In a further embodiment it is possible to provide in the boot at least one insert to reinforce the holding zone and/or to prevent undesired bending actions.
A further development of this inventive thought consists in the insert being formed by a troughlike reinforcement which is injected into union with the lower part of the boot. A further characteristic is found in the front part of the insert projecting out of the boot and being constructed as a claw. According to a still further characteristic it is possible to provide the claw at the front part of the insert with a protective cover or flap at the upper side.
These measures increase the safety of the ski boot both in use for skiing and also for mountain climbing.
A different inventive thought consists in providing transverse reinforcements for the boot which receives at least one of the holding elements. This increases the unitary relationship of the boot and ski binding into one system. In a further development of this measure, it is also possible for the transverse reinforcements to grip under parts of the sole and thus serve as anti-skid means.
Finally, the surface of the sole can have an anti-skid design and the surface of the ski binding can be equipped with a design corresponding to said design.
Further advantages and features of the invention will be described more in detail in connection with the drawings, which show some exemplary embodiments.
In the drawings:
FIG. 1 illustrates in a side view of a first example of the inventive safety ski binding, wherein the mountings according to FIGS. 1 and 2 are known constructions and in which the ski boots are held in so-called plate bindings.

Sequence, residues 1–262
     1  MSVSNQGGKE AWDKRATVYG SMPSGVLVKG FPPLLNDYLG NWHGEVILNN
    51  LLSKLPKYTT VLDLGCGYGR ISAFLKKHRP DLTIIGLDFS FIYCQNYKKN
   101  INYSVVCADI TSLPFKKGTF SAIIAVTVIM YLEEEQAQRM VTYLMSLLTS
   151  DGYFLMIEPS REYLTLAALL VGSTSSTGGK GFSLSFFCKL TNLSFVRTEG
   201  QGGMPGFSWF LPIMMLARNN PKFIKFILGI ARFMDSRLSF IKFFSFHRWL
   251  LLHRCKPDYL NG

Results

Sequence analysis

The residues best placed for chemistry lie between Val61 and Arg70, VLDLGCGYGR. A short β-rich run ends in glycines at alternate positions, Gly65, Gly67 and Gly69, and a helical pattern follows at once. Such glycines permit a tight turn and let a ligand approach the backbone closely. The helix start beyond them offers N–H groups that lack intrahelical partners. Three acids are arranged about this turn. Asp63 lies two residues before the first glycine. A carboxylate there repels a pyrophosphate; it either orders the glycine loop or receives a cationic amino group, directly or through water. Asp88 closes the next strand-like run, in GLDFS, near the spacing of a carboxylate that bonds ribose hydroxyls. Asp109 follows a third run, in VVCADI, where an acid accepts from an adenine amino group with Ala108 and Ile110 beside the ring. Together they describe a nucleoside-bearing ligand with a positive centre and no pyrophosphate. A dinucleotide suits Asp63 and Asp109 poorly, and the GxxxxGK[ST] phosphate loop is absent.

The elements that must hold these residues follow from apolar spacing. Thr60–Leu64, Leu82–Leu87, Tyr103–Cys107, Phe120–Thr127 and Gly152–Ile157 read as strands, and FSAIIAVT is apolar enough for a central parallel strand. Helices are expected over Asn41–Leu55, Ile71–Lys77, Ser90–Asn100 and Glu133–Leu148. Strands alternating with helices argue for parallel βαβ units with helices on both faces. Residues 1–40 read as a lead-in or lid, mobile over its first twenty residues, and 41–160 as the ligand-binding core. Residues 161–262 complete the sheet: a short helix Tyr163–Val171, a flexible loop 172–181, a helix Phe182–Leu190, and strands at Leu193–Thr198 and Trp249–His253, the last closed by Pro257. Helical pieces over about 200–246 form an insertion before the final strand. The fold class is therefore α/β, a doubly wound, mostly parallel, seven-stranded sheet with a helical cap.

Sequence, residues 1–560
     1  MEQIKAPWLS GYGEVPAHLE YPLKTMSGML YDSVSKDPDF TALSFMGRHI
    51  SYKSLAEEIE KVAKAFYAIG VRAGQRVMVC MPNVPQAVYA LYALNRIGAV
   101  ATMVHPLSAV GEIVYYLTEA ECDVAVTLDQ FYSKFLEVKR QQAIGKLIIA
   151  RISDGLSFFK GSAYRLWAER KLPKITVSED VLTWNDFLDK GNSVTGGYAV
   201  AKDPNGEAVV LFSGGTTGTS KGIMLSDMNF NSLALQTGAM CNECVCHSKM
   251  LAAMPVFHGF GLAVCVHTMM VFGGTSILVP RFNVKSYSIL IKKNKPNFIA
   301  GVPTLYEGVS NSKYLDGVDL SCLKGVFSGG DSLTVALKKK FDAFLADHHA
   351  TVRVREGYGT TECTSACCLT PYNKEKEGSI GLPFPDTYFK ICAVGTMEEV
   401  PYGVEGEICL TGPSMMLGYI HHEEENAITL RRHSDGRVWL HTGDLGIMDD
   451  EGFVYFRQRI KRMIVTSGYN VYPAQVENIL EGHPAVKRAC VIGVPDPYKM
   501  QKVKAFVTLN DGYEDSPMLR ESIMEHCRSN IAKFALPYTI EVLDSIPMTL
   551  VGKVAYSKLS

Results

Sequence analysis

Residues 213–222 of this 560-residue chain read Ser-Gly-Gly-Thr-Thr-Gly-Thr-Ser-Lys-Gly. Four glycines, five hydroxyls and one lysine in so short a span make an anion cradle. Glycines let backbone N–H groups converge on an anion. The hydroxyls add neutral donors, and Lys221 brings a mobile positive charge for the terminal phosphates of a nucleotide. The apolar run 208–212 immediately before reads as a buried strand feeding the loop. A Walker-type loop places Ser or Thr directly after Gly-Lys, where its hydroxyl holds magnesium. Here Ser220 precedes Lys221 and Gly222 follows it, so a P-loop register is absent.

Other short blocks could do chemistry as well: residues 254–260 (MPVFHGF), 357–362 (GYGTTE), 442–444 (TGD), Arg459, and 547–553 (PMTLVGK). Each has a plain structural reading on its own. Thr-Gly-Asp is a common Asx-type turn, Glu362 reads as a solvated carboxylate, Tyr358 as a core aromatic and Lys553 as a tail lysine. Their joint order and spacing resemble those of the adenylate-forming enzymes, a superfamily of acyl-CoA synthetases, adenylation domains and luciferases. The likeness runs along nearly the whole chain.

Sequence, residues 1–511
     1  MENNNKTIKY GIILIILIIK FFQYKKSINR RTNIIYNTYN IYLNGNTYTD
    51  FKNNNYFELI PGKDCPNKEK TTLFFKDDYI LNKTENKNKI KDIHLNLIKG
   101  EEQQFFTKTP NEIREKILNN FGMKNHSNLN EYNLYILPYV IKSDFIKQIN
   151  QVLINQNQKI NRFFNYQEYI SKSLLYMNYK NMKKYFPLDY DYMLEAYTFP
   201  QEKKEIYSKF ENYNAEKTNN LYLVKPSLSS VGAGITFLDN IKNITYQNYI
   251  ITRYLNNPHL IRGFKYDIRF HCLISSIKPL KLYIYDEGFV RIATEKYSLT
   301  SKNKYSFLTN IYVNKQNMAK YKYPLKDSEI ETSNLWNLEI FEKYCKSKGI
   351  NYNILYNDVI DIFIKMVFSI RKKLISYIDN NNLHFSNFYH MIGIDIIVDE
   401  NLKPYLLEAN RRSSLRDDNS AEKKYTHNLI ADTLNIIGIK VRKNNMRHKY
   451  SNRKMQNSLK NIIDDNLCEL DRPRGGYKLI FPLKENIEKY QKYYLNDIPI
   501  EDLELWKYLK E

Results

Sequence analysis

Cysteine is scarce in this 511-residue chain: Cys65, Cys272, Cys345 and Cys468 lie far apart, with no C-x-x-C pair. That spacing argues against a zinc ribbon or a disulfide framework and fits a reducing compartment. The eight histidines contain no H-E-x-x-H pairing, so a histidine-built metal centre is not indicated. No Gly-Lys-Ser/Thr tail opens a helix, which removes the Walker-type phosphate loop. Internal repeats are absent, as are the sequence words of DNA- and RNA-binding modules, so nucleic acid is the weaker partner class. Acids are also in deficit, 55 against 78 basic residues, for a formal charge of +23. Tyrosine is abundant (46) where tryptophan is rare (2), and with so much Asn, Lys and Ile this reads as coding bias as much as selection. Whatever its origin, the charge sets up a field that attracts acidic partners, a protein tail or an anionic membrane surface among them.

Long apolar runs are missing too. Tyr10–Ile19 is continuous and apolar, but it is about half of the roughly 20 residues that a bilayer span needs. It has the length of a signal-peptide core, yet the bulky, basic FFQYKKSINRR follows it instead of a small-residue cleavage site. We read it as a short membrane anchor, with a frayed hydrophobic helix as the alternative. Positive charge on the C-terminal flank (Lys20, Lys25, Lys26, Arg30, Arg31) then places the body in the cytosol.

FIG. 3 is a side view of the inventive safety ski binding with the ski boot inserted.
FIG. 3a illustrates in a top view the arrangement of the holding zones of FIG. 1.
FIG. 3b is a section taken on the line IIIb--IIIb of FIG. 3.
FIGS. 4 and 4a illustrate a ski boot which has transverse reinforcements, the safety ski binding being omitted.
FIG. 5 is a side view of details of the mounting of the ski boot.
FIGS. 5a and 5b are sections taken respectively on the line Va--Va and Vb--Vb of FIG. 5.
FIGS. 6 and 6a illustrate further reinforcing elements for receiving the holding parts of the safety ski binding.
FIG. 1 illustrates a plate binding with conventional receiving means for the plate and a spring mounting, wherein the ski boot is held on the plate by means of the holding elements of the invention and the ski boot has, for engagement with the holding elements, receiving means constructed according to the invention.